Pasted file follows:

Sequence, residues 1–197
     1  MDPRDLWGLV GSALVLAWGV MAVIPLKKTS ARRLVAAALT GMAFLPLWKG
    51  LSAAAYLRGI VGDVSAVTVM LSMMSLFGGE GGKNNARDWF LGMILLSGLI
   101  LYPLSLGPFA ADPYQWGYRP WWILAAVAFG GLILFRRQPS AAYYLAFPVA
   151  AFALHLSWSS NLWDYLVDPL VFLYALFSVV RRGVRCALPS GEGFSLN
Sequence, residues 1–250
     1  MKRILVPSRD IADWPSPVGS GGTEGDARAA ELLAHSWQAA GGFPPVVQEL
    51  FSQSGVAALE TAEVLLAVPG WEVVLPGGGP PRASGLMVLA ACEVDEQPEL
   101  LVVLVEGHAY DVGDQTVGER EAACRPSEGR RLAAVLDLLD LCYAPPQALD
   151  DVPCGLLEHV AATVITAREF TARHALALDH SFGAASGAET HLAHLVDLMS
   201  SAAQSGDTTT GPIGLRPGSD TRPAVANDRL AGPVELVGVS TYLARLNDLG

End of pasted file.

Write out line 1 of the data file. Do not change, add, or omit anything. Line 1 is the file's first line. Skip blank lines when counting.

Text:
Sequence, residues 1–197